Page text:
It was the best of times, it was the worst of times. But really, I was never scared. I really wasn’t.
I had the toughest time all week trying to get up for this game, which I talked about in my game preview, but as soon as South Carolina went up 7-0, it was on. That’s all it takes for me, I guess.
As long as the lead didn’t get to two TDs, which never happened, I felt okay. This never happened because Auburn’s offense was on fire. Like this kind of fire: punt, touchdown, touchdown, touchdown, touchdown, touchdown, touchdown, punt. Yeah, that’s fire.
The offense was run exactly as Gus Malzahn wants it to be run. Auburn could’ve probably gone the whole game with only passing on 3rd and more than 3. When they were in those situations, they threw a quick slant to Duke Williams. Football is simple when you have him.
It probably had a little to do with South Carolina’s atrocious defense, but the offense was mostly unstoppable and did as it pleased all night. Bad defense or not, they had to score on almost every drive given the way South Carolina’s offense was playing. On the broadcast, Jesse Palmer, who really wasn’t as annoying as normal, kept talking about how South Carolina had to score to keep up with Auburn, but it was really the same on both sides.
Why? Well, because South Carolina came into this game with nothing to lose. They are coached by Steve Spurrier. Steve Spurrier is the ultimate coach when it comes to playing with nothing to lose. And he proved it all night.
It’s easy to look at Auburn’s defensive performance and be worried, but remind yourself that South Carolina had a bye week and played Furman leading up to this game. So he really had about two weeks to prepare. And apparently during those preparations he decided to call a surprise onside kick and go for all but one 4th down.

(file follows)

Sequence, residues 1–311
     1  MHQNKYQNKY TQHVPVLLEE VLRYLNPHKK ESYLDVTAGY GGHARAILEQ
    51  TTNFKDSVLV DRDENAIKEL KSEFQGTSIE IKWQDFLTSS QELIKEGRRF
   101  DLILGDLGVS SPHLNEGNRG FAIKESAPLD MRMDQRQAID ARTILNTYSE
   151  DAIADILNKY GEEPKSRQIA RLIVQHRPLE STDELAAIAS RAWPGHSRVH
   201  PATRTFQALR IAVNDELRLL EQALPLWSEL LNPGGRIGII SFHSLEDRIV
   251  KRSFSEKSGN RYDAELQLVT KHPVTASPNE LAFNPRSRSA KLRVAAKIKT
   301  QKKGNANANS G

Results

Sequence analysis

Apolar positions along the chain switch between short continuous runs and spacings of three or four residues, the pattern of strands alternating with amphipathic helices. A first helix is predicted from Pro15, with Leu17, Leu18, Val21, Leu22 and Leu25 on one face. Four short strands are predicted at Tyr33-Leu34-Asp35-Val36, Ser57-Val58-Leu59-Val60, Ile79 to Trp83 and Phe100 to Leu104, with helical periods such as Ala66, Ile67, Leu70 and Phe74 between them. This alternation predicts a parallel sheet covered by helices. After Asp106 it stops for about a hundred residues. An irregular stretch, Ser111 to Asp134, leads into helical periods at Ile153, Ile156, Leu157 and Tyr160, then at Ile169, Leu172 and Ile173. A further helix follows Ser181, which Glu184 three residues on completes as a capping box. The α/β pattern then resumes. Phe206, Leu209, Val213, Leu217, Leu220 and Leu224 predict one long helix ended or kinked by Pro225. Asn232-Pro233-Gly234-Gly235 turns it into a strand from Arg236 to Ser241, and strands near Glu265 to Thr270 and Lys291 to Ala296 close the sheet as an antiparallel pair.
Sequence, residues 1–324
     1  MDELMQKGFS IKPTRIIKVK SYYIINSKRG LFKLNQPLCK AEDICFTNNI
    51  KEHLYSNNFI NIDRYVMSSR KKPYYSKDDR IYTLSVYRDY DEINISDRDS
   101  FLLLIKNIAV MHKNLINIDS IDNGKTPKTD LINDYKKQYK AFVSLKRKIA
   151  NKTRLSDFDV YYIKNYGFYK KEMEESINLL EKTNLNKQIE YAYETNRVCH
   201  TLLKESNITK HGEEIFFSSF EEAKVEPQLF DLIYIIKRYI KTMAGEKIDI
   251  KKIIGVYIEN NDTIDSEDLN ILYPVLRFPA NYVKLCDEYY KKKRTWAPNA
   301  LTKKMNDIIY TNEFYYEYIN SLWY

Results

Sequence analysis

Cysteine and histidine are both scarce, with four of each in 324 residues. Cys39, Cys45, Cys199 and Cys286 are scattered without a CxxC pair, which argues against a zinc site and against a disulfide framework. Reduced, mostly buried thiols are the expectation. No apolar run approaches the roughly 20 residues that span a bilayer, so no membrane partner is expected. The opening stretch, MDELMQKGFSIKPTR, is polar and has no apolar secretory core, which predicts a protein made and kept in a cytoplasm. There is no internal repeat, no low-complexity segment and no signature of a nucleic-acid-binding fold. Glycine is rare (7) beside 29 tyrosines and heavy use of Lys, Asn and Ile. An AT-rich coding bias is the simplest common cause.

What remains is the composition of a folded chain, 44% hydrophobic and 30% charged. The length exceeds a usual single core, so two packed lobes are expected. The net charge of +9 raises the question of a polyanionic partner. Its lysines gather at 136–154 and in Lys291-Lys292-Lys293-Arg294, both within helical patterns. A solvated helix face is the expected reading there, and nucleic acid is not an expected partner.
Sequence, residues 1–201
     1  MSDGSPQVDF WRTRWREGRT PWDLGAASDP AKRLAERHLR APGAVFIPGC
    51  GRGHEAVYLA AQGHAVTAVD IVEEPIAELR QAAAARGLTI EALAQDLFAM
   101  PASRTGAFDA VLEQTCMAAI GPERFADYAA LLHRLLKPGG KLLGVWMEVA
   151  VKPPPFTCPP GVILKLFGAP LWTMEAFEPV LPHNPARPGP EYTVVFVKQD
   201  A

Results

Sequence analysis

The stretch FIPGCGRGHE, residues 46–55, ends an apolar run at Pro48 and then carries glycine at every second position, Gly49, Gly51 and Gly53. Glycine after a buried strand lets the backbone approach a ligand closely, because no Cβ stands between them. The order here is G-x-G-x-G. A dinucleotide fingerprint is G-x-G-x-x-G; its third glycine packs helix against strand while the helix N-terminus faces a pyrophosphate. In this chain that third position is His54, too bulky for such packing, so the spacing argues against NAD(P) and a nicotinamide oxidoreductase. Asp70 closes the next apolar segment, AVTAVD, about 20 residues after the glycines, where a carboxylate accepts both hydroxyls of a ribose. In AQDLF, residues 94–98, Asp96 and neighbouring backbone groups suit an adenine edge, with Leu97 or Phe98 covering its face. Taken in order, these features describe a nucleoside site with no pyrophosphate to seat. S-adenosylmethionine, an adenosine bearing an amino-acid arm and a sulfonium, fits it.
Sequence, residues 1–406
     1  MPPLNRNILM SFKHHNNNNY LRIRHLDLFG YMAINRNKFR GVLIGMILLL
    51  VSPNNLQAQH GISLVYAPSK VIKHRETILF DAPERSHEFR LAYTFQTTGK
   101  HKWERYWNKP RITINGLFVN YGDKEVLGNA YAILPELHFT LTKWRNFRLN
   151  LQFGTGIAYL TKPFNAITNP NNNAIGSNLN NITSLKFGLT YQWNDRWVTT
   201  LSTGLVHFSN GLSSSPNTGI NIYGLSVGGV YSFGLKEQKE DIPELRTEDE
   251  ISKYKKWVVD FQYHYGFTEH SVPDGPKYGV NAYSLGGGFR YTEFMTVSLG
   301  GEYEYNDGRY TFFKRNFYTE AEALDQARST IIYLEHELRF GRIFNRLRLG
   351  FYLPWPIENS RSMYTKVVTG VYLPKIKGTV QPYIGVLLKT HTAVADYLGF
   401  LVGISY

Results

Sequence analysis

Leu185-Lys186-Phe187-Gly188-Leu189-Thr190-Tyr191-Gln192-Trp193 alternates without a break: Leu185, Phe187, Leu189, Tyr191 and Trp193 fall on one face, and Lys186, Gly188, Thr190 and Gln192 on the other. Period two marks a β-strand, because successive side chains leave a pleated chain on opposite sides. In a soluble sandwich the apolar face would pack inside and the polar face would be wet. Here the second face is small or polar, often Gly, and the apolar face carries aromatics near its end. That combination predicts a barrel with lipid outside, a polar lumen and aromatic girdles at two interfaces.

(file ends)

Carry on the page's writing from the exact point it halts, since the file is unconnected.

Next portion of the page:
Now that’s totally legal, but in any regular football game, it’s not going to happen. There were at least 4 to 5 situations where any normal coach not scared to lose a game would have punted. The defense made multiple stops that would’ve changed possession, but Steve don’t care. Stopping any functioning offense on 4 downs is extremely hard. If more people did it, games would be very different. But the risk is usually much higher than the reward. And again, Steve don’t care, at least not in that game.
So while you can look at it as Auburn giving up tons of yards and points to one of the best play callers in the history of the game, it’s just as logical to remind yourself that nobody that Auburn plays is going to call a game like that. And take heart that Auburn won a game called like that. Don’t think for one second that Mark Richt or Nick Saban is going to go for it on 4th down from inside their own 30. It won’t happen.
When it comes down to it, Auburn beat a team with nothing to lose with one of the most innovative offensive minds calling the plays. Auburn’s offense was able to do what they wanted, and the defense really made stops when it had to do it. Interceptions are real and becoming plentiful.
Pollsters are not bothered by a 7 point win over a now 4-loss team. They saw that Auburn scored at will, and did what it took when everything was thrown at them. They showed that the loss to Mississippi State was long gone, and they set the tone for 2nd half of the season.